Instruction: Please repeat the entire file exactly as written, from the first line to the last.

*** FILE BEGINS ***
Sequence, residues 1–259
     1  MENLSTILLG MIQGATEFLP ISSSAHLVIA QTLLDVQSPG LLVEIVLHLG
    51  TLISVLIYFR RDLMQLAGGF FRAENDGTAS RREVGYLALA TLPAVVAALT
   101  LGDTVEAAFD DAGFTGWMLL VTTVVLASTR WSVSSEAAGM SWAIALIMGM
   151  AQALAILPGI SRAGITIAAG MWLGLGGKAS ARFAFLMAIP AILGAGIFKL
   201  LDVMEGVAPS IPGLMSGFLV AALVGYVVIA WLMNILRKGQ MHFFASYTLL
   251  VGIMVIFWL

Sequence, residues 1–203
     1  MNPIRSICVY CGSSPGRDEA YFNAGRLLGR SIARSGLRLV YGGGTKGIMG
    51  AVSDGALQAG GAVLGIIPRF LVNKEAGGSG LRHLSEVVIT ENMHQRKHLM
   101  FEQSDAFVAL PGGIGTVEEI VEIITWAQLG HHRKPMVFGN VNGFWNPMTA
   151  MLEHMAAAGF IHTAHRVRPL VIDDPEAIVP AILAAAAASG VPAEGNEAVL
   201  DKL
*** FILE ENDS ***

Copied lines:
Sequence, residues 1–259
     1  MENLSTILLG MIQGATEFLP ISSSAHLVIA QTLLDVQSPG LLVEIVLHLG
    51  TLISVLIYFR RDLMQLAGGF FRAENDGTAS RREVGYLALA TLPAVVAALT
   101  LGDTVEAAFD DAGFTGWMLL VTTVVLASTR WSVSSEAAGM SWAIALIMGM
   151  AQALAILPGI SRAGITIAAG MWLGLGGKAS ARFAFLMAIP AILGAGIFKL
   201  LDVMEGVAPS IPGLMSGFLV AALVGYVVIA WLMNILRKGQ MHFFASYTLL
   251  VGIMVIFWL

Sequence, residues 1–203
     1  MNPIRSICVY CGSSPGRDEA YFNAGRLLGR SIARSGLRLV YGGGTKGIMG
    51  AVSDGALQAG GAVLGIIPRF LVNKEAGGSG LRHLSEVVIT ENMHQRKHLM
   101  FEQSDAFVAL PGGIGTVEEI VEIITWAQLG HHRKPMVFGN VNGFWNPMTA
   151  MLEHMAAAGF IHTAHRVRPL VIDDPEAIVP AILAAAAASG VPAEGNEAVL
   201  DKL